| Built to Last! Save Money on Your Manufacturing Startup

Posted in Manufacturing at 5:00 PM by Loftis Consulting













Of all the startup types out there, manufacturing is definitely one of the most expensive. There are a lot of businesses out there that you can actually start with little or even no capital. Manufacturing isn’t one of them!  So it’s vital that you find ways to save money. This doesn’t mean you should be cutting corners. But when you’re devising a business plan for this endeavor, you need to start thinking seriously about the ways in which you can make your capital amount go as far as it can. Here are a few of the ways in which you can do this.


Recycled Materials

The materials you use to make your products can come from a variety of sources. You need to look toward the more sustainable, recycled market. This can often work out much cheaper for you. Another thing you need to keep in mind is that possibility of you recycling your own raw materials. Manufacturing often sees a lot of excess material – make sure you find ways to use all of it.













Second-Hand Equipment

You don’t have to buy all of your equipment brand new and at full price. This may seem like the obvious thing to do, probably because “second-hand” is often used as some sort of dirty word in business. But if the equipment has been checked and is working fine, then this can be a great way of saving money. You could look into getting some used compressors, for example, which can save you a lot of money on one of the most expensive items in any manufacturing business.



“Outsourcing” is another word that is often treated as a dirty one in this line of work. But outsourcing is often a necessity for businesses that need to save money – and can also get you the best quality of output, as well. Outsourcing certain jobs brings you flexibility and saves you money, allowing you to get the job done without having to hire the amount of employees you would need to do it in-house. Remember: employees are the most expensive long-term investment you’ll make.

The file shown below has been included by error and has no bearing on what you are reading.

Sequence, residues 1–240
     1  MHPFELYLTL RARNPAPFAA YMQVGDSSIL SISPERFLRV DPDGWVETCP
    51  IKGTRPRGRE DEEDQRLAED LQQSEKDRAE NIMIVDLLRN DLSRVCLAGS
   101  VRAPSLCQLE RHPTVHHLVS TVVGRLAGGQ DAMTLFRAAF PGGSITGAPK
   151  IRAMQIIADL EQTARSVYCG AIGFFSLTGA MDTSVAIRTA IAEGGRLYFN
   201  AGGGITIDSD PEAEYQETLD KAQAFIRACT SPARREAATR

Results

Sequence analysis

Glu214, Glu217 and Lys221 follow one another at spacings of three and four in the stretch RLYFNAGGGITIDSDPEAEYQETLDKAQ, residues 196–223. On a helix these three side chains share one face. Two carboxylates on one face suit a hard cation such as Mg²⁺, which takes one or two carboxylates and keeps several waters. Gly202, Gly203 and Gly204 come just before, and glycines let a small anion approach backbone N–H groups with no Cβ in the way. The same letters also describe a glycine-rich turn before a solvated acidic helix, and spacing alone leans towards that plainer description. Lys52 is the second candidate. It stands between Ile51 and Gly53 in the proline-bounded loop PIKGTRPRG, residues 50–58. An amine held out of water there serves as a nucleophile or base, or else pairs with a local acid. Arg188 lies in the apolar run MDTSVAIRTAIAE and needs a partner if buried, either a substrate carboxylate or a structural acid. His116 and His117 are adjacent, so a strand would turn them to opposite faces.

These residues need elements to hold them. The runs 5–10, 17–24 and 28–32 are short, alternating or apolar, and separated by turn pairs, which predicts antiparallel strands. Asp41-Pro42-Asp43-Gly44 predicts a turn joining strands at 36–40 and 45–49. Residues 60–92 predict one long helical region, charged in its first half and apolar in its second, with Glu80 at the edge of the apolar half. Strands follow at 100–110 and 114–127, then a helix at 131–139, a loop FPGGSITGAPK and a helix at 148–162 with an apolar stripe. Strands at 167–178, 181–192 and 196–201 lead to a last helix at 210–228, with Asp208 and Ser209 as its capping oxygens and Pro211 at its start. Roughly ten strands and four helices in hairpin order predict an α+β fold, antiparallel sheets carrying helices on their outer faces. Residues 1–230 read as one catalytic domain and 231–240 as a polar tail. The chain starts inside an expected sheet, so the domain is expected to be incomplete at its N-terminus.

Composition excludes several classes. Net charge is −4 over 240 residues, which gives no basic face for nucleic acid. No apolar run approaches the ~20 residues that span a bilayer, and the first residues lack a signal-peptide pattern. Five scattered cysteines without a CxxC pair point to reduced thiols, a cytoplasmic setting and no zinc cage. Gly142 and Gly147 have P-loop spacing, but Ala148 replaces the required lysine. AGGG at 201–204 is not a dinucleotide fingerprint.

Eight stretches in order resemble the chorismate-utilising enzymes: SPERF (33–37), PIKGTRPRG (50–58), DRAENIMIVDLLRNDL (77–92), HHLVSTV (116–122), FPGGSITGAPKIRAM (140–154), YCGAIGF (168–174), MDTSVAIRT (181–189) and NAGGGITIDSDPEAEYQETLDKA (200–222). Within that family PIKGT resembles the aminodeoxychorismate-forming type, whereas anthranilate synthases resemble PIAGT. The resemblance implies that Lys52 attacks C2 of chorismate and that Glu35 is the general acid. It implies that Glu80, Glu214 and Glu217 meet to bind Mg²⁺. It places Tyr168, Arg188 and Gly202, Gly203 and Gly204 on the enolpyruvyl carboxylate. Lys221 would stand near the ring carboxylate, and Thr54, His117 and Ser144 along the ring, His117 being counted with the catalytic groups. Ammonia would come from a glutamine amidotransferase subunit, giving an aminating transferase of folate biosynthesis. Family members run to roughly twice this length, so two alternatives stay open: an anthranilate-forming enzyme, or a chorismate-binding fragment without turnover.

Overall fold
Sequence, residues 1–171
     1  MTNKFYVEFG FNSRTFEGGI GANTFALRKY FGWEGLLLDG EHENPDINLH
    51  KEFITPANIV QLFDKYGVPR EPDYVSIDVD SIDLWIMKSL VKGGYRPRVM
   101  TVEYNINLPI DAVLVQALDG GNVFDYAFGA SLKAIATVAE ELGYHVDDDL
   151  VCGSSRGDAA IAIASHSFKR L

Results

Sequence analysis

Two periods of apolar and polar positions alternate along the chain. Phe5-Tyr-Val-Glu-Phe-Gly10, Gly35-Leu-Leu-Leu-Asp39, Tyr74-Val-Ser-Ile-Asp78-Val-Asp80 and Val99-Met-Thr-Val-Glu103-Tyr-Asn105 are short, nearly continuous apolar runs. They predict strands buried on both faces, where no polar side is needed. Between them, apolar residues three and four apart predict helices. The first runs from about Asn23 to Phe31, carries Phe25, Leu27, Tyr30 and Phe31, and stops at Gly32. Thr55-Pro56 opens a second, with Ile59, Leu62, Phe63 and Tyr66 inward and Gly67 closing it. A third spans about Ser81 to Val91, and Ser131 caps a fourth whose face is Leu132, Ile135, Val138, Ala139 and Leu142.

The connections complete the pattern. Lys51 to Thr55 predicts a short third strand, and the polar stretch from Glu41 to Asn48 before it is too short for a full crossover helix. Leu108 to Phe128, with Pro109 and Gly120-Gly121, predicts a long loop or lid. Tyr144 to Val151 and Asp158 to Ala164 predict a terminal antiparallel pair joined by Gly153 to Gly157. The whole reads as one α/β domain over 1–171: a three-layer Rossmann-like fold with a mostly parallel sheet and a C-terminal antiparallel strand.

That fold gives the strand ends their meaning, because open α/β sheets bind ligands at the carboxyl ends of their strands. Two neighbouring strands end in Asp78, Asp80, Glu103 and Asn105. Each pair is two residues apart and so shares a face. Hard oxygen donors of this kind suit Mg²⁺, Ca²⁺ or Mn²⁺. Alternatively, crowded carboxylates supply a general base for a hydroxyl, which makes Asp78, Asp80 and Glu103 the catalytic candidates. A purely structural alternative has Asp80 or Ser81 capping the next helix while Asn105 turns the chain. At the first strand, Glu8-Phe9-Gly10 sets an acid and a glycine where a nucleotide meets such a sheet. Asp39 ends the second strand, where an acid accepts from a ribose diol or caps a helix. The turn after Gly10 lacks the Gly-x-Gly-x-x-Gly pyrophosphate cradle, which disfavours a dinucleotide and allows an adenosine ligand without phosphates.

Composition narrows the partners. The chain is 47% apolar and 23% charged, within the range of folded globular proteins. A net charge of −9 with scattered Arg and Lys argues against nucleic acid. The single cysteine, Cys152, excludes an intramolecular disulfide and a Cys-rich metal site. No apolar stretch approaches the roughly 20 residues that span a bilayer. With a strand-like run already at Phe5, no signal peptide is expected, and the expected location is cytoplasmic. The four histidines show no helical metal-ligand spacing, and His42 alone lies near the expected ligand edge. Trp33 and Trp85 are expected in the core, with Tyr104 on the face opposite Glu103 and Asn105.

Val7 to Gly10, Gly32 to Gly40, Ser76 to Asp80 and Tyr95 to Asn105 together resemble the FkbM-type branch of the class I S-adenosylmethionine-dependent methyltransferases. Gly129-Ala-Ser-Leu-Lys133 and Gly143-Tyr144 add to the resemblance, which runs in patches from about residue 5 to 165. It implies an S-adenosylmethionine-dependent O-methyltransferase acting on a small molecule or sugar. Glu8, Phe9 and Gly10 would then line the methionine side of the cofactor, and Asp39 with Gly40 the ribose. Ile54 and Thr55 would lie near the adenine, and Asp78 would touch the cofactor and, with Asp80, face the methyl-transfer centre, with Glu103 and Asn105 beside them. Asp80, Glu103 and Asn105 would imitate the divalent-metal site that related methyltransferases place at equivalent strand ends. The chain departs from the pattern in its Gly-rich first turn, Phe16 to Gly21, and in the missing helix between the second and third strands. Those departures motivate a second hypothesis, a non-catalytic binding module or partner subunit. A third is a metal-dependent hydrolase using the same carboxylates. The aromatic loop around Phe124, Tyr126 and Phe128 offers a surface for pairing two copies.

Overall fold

The Factory Lease

Don’t be afraid to look for out-of-town factories that can often be much cheaper than factories in the city. But remember that these will often require you to pay more when it comes to shipping things to and from your workplace. Consider all of the costs associated with your property decision. And when it comes to the lease itself, you shouldn’t assume that you can’t negotiate a better deal. It’s often easier to negotiate a factory lease than it is to negotiate residential leases.













Built to Last

Earlier, I wrote that you shouldn’t be cutting corners. By that, I meant that you need to save money but without sacrificing quality too much. Because you also need to start seeing these assets as an investment. If the things you’re buying aren’t going to last very long and can’t keep up with the work you need them to do, then you’re making a bad investment. In the long run, it can end up costing you even more money. So be very careful with your money-saving methods.